As Michelle Carter’s trial comes to a close, ABC News confirms that Carter has been sentenced to only two and a half years in prison for her involvement in her boyfriend’s suicide. The 20-year-old, who was convicted of involuntary manslaughter back in June for convincing her boyfriend, Conrad Roy III, to kill himself.
In case you’ve completely missed this trial’s media coverage over the last three years, NBC News reports that Carter was 17 when she was charged as a youthful offender. During the summer of 2014, Carter had the opportunity to help prevent her boyfriend’s suicide, as he was confiding in her at the time. However, Carter's text messages illustrate that she actually contributed to Roy's death. Roy killed himself by inhaling carbon monoxide inside a car. At one point during the process, he got out of the car and called Carter. If he had remained outside the car, he may have survived, but Carter told him to get back in.
Even if you have no idea how to talk to someone who is in crisis, you probably know that you shouldn't tell a loved one who is contemplating suicide anything like this: "The time is right and you're ready, you just need to do it! You can't keep living this way. You just need to do it like you did last time and not think about it and just do it babe." Yup, that's what Carter texted Roy. In a situation like this you should encourage a loved one to seek treatment, but Carter apparently didn't get that memo.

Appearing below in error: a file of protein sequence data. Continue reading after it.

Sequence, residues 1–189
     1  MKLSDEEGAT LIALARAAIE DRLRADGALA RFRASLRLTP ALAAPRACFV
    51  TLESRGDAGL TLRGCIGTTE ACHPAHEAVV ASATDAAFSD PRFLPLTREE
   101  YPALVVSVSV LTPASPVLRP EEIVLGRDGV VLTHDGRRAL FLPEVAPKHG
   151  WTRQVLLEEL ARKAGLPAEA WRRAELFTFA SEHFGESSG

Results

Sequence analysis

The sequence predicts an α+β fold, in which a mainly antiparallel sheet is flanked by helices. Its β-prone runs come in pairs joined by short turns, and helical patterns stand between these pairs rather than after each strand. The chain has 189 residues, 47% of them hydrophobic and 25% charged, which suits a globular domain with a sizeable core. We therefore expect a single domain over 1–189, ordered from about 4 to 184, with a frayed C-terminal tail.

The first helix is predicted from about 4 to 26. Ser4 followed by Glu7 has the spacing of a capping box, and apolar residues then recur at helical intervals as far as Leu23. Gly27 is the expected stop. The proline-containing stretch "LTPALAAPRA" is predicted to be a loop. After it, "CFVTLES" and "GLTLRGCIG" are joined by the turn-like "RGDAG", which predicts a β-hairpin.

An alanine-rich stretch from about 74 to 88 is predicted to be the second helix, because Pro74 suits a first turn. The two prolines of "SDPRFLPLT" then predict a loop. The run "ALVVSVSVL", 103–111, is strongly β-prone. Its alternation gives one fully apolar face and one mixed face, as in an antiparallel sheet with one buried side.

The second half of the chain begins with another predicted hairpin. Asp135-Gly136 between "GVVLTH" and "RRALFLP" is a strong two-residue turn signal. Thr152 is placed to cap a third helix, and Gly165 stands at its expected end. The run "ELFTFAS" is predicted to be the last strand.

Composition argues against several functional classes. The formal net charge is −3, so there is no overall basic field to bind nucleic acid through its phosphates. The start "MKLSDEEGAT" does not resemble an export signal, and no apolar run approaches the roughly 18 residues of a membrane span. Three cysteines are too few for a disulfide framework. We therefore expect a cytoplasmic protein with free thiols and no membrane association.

Sharon Beckman, a Boston College Law School professor and director of the Boston College Innocence Program, told BuzzFeed News, “It would be wrong for the judge to give Ms. Carter the maximum sentence since he should consider not only the offense but also Ms. Carter's personal characteristics and moral culpability, taking into account that she was a juvenile with her own mental health struggles.”
If Carter had received the maximum sentence for her crime, she could've landed in prison for up to 20 years. In comparison to the maximum sentence, the final decision seems like a Saturday detention. Carter’s own mental health was in question throughout the trial, and hopefully she'll also get the help she needs over the next few years to prevent anything like this from happening again. Needless to say, there are a lot of mixed emotions involved in Carter's sentencing.